Blessings, and have a great Fall day!

Wednesday, October 24, 2007

Picture This:



I pulled this picture off of the Fox News website. It's from the uReport set of photos, meaning they are posting pictures of regular folks at the scene. I would encourage anyone to go there and view them. It will give you a good sense of what many people in Southern California are going through right now. It's heartwrenching, to say the least.

Thursday, October 18, 2007

Too Hard for Words

You know, I've always admired the strong, quiet type. The people who are strong beyond words, but you never know it because they are so humble and don't seek to draw attention to themselves. I just like that quality in people. However, there are times when they do need to share, and need to talk about the struggles they are facing. But I've learned: when these people talk, I listen.

I have a friend in the blogger world who is speaking now, and I'm listening along with the rest of her friends. Her words are always well thought out and worth hearing, but this time I think all who know her are speechless.

She is someone who has commented on this blog occasionally, and who's blog I love to read. She is wise, fun, and always full of insights. I have come to know her through her writing. Yesterday, she posted about a valley she is going through, and I must say it took many of us in her vast circle of blogging friends by surprise. She has cancer. In the last two weeks she has been through a major operation, a glimpse at her mortality, and all of the major struggles that news like this brings about. To me, her words during this time of her life will be like gold. I look forward to her insights, but not her pain and struggle. She's not so introspective that she thinks everything is about her, but she's introspective enough to impart some great thoughts. She has that rare ability to take herself out of a situation and see it from God's point of view. That's what wisdom is, isn't it?

Charity is at Wide Open Spaces. While she still has a tough road ahead, and she's waiting for test results and a plan of action from her doctors, she sees this as a journey and is willing to share as she goes along. I'll wait for her words. They will be gold, and worth waiting for.

Saturday, October 13, 2007

Ignorance Not Necessarily Bliss


I remember my dad talking about walking into my room when I was small and finding me on the top bunk of the bunkbed. I was 2, and there was no ladder. He said he wondered for a long time how I made it to the top of that bunk, so when I went in the room one evening, he ran outside and watched me through the window. Seems I climbed the post like a monkey, almost falling a few times, but I finally made it to the top. He said he was better off not knowing how I got up there. Sometimes ignorance is bliss.

That's how it was for me tonight when T and I were out walking. A few years ago T climbed a big mountain in China called Haba. It's just a few feet short of 18,000 feet, and is pretty steep at the top. He's climbed it twice, and summited both times. The second time he called me from the summit. I swear he sounded like a kid on Christmas morning. It was so fun hearing his voice then, and it's something I'll always remember. But tonight, he actually divulged some of the details of that trip: steep ice walls, cloud covering, sliding and catching himself with a pick, ice caves..... I completely understand my dad's view from back then. Ignorance is bliss.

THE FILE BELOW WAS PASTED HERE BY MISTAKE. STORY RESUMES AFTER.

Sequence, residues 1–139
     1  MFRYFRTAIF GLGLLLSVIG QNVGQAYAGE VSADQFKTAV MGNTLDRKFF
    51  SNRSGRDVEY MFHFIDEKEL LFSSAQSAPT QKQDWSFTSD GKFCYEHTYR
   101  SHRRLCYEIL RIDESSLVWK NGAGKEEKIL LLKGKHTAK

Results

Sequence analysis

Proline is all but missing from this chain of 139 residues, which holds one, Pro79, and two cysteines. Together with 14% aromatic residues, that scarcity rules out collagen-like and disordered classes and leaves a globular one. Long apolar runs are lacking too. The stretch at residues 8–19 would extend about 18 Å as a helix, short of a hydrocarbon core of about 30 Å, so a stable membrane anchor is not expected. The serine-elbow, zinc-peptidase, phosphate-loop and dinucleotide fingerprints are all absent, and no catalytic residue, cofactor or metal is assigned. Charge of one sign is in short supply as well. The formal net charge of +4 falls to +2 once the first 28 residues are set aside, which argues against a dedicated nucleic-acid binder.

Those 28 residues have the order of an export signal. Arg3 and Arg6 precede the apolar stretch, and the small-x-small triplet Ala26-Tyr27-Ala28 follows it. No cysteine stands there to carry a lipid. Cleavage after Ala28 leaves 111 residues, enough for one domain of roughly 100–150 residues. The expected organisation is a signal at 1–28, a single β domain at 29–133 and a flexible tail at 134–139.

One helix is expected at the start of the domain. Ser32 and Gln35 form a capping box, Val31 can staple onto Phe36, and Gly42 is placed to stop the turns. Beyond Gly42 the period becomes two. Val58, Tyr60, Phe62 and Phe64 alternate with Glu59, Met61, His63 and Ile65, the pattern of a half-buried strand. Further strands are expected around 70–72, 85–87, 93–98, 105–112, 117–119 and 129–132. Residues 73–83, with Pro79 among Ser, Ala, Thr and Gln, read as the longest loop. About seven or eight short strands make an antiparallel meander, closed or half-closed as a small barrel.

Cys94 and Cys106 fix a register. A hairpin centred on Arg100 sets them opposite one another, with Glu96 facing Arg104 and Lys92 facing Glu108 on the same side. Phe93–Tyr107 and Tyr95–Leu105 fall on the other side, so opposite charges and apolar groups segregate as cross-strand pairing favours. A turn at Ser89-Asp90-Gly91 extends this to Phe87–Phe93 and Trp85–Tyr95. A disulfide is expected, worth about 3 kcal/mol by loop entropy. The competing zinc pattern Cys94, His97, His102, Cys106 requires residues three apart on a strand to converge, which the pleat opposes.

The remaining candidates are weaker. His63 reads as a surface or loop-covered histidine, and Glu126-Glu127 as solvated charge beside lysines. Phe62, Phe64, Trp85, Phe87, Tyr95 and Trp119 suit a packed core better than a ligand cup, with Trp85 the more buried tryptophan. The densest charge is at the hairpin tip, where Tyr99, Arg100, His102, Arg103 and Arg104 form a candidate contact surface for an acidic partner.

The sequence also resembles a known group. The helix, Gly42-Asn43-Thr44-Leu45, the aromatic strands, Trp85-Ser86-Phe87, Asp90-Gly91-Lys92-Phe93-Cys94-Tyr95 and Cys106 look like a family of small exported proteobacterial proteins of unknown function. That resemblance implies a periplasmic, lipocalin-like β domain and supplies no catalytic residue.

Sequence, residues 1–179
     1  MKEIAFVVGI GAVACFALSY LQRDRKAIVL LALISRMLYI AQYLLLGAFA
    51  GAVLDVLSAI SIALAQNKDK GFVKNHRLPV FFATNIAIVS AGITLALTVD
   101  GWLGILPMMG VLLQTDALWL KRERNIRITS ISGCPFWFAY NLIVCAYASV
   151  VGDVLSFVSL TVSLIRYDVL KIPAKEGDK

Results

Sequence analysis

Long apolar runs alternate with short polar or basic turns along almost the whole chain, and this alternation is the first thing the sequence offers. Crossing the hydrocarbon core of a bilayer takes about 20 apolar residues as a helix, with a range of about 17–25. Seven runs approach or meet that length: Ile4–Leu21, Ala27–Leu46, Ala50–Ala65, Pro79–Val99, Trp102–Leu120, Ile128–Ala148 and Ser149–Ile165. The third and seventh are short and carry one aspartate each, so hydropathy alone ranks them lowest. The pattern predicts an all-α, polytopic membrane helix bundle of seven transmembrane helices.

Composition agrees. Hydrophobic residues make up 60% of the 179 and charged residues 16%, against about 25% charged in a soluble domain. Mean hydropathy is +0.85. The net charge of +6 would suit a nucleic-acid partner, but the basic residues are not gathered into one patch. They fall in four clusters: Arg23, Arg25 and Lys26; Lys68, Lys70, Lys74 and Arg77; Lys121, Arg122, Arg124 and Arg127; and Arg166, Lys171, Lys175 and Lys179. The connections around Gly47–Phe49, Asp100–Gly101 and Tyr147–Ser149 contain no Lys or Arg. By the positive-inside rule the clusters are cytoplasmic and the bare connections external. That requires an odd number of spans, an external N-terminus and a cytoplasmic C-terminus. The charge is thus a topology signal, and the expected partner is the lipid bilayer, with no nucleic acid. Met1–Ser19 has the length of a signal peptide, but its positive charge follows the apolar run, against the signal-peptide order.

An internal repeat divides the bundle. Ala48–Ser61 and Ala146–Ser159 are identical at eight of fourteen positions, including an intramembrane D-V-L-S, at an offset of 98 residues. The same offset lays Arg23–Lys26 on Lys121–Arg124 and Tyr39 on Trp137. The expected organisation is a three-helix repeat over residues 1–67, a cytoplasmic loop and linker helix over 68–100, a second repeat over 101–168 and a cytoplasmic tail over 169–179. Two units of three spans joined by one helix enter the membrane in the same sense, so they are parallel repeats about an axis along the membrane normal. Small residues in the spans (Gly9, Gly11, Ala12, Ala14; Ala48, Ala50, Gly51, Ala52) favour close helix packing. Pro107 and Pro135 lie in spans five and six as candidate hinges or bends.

But it's also good to know the struggle. It gives you a little more insight into the character of your loved one. We don't know everything about our special someone, but sometimes we get little glimpses that are surprising and fun, and tonight was one of those. I've always known Big Dad was a hard worker. I've always known his sense of adventure and love of just about everything outdoors. Tonight I got a little glimpse of those two elements of his character converging to a point in time that he then shared with me through a phone call. That was a great moment, and I feel privileged that he shared it with me. Love you, Big Dad!

Wednesday, October 10, 2007

Don't Sweat the Small Stuff



Erma Bombeck. You have to love her. I remember mom had her book "If Life was a Bowlfull of Cherries, I'd be Stuck with the Pits." I would pick it up for the title alone. Her love of life, her observational humor, the way she didn't take herself too seriously no matter how famous she got.... It's something that's missing in the world lately. I miss it. Anyway, here's Erma talking about priorities:


IF I HAD MY LIFE TO LIVE OVER - by Erma Bombeck

(Written after she found out she was dying from cancer).


I would have gone to bed when I was sick instead of pretending the earth would go into a holding pattern if I weren't there for the day.
I would have burned the pink candle sculpted like a rose before it melted in storage.
I would have talked less and listened more.
I would have invited friends over to dinner even if the carpet was stained, or the sofa faded.
I would have eaten the popcorn in the 'good' living room and worried much less about the dirt when someone wanted to light a fire in the fireplace.
I would have taken the time to listen to my grandfather ramble about his youth.
I would have shared more of the responsibility carried by my husband.
I would never have insisted the car windows be rolled up on a summer day because my hair had just been teased and sprayed.